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Evers Proposes $329M In Economic Development As Part Of Next State Budget

$200M Set Aside For Small Business Hit By Pandemic

'Store Closing' sign
In this May 21, 2020 file photo, a man looks at signs of a closed store due to COVID-19 in Niles, Ill. Nam Y. Huh/AP Photo

Gov. Tony Evers will propose more than $329 million in new economic development initiatives as part of his state budget proposal on Tuesday, including a new $100 million venture capital fund to help startups and $200 million to assist small businesses hurt by the coronavirus pandemic.

Evers released details of his economic development plan on Sunday. In a press release, Evers said the funding would be part of his “Badger Bounceback” plan to help stabilize the state’s economy.

“Over the past year, our small businesses have seen the effects of this pandemic firsthand. I am proud of our small businesses and of the critical investments we made with our ‘We’re All In’ grant program, but we know we have more work to do in making sure we can recover from this pandemic,” said Evers. “These investments will ensure our main street businesses, our workers, and our state bounce back and better than before by helping folks recover from this pandemic while investing in new innovation and startups.”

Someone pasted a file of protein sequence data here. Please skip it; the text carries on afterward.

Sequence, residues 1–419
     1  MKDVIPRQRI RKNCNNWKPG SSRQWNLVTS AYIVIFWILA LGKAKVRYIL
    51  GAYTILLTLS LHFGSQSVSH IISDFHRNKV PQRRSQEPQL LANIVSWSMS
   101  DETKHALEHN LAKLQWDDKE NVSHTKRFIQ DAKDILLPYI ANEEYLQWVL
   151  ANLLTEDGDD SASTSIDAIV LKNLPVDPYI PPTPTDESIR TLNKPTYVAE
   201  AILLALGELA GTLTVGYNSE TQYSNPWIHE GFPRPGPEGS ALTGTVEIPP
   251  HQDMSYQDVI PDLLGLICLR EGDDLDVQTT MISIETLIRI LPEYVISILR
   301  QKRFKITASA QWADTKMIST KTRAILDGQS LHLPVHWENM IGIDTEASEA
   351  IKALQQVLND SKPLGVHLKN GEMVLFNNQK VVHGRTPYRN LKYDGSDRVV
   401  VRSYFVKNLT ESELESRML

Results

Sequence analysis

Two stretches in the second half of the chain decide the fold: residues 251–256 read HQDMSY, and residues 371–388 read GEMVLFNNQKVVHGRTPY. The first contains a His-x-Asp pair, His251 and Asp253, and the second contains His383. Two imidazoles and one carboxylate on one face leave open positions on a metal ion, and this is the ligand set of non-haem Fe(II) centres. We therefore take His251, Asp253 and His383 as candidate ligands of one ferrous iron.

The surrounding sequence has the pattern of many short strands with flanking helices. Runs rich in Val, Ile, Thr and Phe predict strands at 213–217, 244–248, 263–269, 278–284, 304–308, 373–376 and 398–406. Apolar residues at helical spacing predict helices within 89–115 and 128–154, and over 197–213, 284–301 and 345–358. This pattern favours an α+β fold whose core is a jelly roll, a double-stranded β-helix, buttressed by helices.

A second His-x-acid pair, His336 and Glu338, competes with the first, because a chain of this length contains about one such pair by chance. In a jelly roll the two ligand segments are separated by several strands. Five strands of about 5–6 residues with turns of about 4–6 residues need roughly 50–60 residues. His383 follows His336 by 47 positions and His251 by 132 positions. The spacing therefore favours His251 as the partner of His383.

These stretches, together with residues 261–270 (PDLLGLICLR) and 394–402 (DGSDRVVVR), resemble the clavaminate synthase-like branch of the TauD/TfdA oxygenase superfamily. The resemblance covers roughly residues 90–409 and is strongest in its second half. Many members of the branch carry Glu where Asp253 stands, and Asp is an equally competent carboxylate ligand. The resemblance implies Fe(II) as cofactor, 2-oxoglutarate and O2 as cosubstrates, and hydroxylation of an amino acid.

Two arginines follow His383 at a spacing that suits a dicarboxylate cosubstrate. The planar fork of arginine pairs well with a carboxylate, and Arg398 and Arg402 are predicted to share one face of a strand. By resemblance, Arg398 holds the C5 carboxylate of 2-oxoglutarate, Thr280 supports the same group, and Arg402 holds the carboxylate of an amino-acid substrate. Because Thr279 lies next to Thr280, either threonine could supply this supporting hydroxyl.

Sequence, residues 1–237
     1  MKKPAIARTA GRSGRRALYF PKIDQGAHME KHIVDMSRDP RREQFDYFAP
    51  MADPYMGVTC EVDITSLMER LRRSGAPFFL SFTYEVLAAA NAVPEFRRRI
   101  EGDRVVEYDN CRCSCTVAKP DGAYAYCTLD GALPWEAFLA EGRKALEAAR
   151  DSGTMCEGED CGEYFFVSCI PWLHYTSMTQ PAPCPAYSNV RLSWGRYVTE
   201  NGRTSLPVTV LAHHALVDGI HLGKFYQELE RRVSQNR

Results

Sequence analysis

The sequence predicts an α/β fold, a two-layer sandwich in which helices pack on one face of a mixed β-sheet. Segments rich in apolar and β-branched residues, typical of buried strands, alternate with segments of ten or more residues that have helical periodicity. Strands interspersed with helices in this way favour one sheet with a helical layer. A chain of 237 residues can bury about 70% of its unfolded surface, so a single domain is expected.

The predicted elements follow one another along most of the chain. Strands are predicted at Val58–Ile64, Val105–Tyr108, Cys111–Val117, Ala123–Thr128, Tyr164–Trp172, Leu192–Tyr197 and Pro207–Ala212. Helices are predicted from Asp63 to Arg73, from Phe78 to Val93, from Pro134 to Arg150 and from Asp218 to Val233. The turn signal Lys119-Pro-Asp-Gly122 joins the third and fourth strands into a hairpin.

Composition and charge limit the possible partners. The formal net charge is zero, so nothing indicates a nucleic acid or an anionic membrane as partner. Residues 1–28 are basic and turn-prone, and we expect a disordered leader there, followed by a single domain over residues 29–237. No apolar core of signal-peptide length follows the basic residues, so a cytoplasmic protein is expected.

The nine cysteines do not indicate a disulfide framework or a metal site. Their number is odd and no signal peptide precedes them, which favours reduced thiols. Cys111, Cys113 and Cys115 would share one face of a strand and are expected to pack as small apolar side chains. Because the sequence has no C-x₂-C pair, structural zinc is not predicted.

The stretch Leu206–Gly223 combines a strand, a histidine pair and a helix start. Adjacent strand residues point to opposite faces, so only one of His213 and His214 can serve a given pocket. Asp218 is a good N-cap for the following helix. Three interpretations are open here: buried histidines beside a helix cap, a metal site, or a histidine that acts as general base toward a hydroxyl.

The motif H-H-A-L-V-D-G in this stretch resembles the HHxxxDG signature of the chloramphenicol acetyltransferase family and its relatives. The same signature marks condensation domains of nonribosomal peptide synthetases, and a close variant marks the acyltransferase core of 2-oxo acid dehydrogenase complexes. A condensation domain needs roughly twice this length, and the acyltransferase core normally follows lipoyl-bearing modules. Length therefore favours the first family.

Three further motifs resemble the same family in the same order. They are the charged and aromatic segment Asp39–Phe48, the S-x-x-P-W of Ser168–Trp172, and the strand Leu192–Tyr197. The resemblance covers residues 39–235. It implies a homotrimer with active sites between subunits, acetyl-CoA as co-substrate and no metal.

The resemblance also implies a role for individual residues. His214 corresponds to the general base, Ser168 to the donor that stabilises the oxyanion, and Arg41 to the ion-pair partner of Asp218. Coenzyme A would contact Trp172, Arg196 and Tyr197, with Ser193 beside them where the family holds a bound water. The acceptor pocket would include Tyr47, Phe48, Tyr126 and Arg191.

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The release goes on to say that the Wisconsin Economic Development Corp. provided nearly 55,000 small business around $240 million in support over the past year. That funding comes from the federal coronavirus relief package passed by Congress in March 2020.

Evers said the venture capital funding would be used to invest a maximum of $25 million in new businesses that have already secured matching funds from private sources. Evers said the program will require at least 20 percent of the venture capital funds go toward minority-owned, women-owned firms or businesses located in underserved areas. He said WEDC will establish an oversight board to facilitate the new funding program.

Evers will submit his two-year state budget proposal to the Republican-controlled Legislature on Tuesday, which will then spend months reworking it before passing its own version this summer.